Archive for July 8th, 2011
Straight from Fox News: “The U.S. government has warned domestic and international airlines that some terrorists are considering surgically implanting explosives into humans to carry out attacks, The Associated Press has learned.
There is no intelligence pointing to a specific plot, but the U.S. shared its concerns last week with executives at domestic and international carriers.
People traveling to the U.S. from overseas may experience additional screening at airports because of the threat, according to the Transportation Security Administration.
“These measures are designed to be unpredictable, so passengers should not expect to see the same activity at every international airport,” TSA spokesman Nick Kimball said. “Measures may include interaction with passengers, in addition to the use of other screening methods such as pat-downs and the use of enhanced tools and technologies.”
Placing explosives and explosive components inside humans to hide bombs and evade security measures is not a new idea. But there is new intelligence pointing to a fresh interest in using this tactic, a U.S. security official told the AP. The official spoke on condition of anonymity to discuss sensitive security information.
When the U.S. government receives information suggesting terror tactics that could threaten commercial aviation, the TSA alerts companies domestically and abroad. Last December, the U.S. received intelligence that al-Qaida’s Yemen branch was considering hiding explosives inside insulated beverage containers to carry them on airplanes. That warning was shared with domestic and foreign airlines so that security could be on the lookout, even though there was no specific plot.
Airport security has increased markedly since the Sept. 11, 2001, terror attacks. But terrorists remain interested in attacking aviation and continue to adapt to the new security measures by trying to develop ways to circumvent them.”
Straight from Fox News: “As NASA’s space shuttle program winds down, President Obama is urging the agency to change its tired, old ways and reach for something bigger…like Mars, or perhaps an asteroid.
The three-decades old program is set for completion after the shuttle Atlantis takes off on its final mission Friday; dependent, as always, on the weather. With the program’s departure, so goes some 7,000 Kennedy Space Center jobs.
Mr. Obama told participants in a Twitter town hall at the White House Thursday that he’s got much more in mind for the space agency.
“[W]e’ve set a goal to– let’s ultimately get to Mars,” the president said. “A good pit stop is an asteroid. I haven’t actually — we haven’t identified the actual asteroid yet, in case people are wondering,” he added to laughter.
The president’s mission to Mars idea isn’t new– he unveiled it last year– but the timing of the Twitter question couldn’t be more relevant.
“Now that the space shuttle is gone, where does America stand in space exploration?” the president was asked.
The president said he’s been urging NASA to re-think its way of doing things.
“We’re still using the same models for space travel that we used with the Apollo program 30, 40 years ago. And so what we’ve said is, rather than keep on doing the same thing, let’s invest in basic research around new technologies that can get us places faster, allow human space flight to last longer,” he said.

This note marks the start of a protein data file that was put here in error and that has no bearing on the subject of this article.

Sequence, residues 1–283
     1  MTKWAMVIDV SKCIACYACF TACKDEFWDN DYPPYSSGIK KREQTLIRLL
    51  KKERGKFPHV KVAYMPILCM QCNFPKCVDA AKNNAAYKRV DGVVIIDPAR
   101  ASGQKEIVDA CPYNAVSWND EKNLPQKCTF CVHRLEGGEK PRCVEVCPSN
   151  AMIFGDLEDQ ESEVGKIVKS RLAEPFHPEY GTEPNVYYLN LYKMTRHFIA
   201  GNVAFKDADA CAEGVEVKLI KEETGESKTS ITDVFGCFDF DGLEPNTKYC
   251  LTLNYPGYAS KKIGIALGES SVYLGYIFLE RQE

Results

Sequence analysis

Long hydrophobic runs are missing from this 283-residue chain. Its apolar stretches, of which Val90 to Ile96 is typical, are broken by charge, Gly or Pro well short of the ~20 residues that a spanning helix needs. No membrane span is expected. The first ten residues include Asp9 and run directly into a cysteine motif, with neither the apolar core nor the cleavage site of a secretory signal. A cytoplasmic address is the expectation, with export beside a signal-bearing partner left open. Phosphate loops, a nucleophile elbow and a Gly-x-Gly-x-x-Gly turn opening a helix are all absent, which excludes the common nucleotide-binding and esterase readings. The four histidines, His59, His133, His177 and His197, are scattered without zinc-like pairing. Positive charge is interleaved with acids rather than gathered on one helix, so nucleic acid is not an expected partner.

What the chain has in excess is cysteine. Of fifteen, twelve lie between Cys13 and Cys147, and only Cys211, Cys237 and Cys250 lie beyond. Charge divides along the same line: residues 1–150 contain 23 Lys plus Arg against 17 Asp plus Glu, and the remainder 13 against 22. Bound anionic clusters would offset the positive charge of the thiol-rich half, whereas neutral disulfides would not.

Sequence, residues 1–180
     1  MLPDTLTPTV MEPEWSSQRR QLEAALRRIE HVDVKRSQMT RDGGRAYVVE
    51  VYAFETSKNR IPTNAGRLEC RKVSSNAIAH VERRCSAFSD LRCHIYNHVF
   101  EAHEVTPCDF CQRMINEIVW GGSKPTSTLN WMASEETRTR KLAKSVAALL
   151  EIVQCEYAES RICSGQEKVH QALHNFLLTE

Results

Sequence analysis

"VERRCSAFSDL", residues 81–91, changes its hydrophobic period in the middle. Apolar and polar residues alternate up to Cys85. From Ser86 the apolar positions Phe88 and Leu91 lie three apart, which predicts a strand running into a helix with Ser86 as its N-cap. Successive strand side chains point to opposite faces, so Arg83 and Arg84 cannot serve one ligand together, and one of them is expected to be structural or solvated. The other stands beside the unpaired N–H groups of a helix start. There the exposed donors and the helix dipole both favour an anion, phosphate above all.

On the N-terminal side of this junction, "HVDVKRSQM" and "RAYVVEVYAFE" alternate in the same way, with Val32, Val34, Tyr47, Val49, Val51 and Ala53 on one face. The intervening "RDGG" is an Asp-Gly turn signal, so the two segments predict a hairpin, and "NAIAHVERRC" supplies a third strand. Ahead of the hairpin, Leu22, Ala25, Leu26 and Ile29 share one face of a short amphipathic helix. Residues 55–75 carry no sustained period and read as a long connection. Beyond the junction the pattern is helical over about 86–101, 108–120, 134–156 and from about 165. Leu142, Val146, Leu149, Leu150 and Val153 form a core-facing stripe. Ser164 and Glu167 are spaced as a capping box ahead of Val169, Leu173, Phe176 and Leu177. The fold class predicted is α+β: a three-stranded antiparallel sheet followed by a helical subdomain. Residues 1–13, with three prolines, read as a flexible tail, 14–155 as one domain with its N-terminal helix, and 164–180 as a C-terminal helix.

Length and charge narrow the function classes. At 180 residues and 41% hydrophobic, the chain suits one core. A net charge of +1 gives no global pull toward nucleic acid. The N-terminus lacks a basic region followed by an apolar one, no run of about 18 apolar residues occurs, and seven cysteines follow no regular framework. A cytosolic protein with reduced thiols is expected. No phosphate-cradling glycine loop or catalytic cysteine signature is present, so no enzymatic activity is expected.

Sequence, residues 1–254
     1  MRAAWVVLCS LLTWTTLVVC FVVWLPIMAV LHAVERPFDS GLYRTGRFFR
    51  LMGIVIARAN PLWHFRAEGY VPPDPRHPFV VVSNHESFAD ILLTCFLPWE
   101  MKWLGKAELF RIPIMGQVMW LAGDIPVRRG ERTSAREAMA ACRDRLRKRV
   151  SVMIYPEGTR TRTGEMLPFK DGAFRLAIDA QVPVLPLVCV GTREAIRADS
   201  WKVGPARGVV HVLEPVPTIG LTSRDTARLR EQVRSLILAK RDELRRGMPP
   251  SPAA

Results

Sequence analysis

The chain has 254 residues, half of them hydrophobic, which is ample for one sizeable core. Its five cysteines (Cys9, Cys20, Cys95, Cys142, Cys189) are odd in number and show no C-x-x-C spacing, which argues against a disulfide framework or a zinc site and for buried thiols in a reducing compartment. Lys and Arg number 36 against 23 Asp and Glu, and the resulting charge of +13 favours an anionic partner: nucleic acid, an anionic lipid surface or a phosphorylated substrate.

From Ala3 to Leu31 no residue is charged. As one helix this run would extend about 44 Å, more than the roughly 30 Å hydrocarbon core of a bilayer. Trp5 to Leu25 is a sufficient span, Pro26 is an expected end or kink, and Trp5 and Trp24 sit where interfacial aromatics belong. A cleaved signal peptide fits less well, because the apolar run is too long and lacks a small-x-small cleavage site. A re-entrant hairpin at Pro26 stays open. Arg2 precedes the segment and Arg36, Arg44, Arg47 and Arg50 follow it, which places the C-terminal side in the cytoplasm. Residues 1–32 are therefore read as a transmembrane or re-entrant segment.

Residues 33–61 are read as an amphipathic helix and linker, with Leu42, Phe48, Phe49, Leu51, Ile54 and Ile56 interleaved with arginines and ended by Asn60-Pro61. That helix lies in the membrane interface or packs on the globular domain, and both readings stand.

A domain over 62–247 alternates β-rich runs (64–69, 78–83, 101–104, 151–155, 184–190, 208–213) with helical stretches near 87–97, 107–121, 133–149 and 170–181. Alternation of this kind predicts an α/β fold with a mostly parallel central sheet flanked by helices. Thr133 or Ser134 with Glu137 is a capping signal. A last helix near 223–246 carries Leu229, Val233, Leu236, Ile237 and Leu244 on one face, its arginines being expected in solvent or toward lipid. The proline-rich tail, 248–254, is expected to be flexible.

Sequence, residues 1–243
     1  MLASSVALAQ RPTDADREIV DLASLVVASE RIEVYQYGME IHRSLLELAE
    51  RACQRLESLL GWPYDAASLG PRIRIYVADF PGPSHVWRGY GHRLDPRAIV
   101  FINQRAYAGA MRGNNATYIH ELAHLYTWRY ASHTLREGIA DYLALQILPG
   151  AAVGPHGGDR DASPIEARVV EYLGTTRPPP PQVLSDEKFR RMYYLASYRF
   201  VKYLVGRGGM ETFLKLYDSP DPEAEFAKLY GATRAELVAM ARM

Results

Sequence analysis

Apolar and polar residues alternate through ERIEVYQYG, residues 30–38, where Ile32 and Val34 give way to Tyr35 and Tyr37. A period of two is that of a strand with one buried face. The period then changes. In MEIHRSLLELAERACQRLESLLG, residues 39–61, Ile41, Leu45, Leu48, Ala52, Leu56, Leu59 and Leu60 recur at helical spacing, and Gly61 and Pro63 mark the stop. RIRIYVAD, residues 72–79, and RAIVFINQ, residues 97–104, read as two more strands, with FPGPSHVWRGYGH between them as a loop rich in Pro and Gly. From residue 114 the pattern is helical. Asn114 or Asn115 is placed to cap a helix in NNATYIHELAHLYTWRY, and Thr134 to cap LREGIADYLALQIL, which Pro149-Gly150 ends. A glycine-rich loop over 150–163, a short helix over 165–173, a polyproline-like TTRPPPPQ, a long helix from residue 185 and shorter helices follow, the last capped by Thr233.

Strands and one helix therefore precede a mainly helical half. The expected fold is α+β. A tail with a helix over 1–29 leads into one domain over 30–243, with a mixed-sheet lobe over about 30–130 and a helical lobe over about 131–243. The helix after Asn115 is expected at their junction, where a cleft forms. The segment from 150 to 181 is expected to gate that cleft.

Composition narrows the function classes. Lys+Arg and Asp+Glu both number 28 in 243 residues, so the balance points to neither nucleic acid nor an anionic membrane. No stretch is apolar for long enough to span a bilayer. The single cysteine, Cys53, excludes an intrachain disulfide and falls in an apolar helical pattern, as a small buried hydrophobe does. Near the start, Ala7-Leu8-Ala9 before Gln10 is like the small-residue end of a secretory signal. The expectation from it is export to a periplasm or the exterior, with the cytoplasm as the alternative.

The future of low-orbit space travel is expected to fall to private companies and U.S. astronauts may have to hitch a ride on Russian capsules, but those ventures have become routine, Mr. Obama said, and he urged NASA to broaden its horizons.
Still, the president indicated it’s important not to underestimate America’s stature in the final frontier, telling the town hall, “We are still a leader in space exploration.”"
Straight from Fox News: “First moonwalker Neil Armstrong, first American in orbit John Glenn, Mission Control founder Chris Kraft, Apollo 13 commander Jim Lovell, first shuttle pilot Robert Crippen and others are pushing for a last minute reprieve for the about-to-be-retired space shuttle fleet. They’re even urging a delay of Friday’s final launch.
They may get a delay of a day or two because of bad weather. But the NASA veterans are looking for a pause of more than a year, until more shuttle parts are ready to keep flying and extend the 30-year program.
Back in June, as Atlantis headed to the launch pad, launch director Mike Leinbach on a live audio loop groused to his fellow workers “we’re all victims of poor policy out of Washington, D.C.,” for not having a new mission for the post-shuttle era.
Glenn, who returned to space at the age of 77 by flying on the shuttle Discovery in 1998, said: “I told the president, ‘We’re violating one of NASA’s critical design criteria.”‘
That means there must be a backup system for getting into space and bringing astronauts home from the International Space Station.
Armstrong, Kraft and Lovell sent a letter June 30 to President Barack Obama and NASA chief Charles Bolden asking that they keep shuttles flying and delay this final launch. Glenn, who wasn’t involved in the letter campaign, is also calling it a mistake to end the space shuttle program — planned since 2004.
Kraft said he considered a backup crucial as he ran Mission Control or oversaw the people who did — missions from the Mercury days of the 1960s through early space shuttle days. He said it is still possible at this late date to put Atlantis’ final mission on hold while NASA builds new external fuel tanks and boosters for future shuttle flights — a process that would delay the launch about 18 months.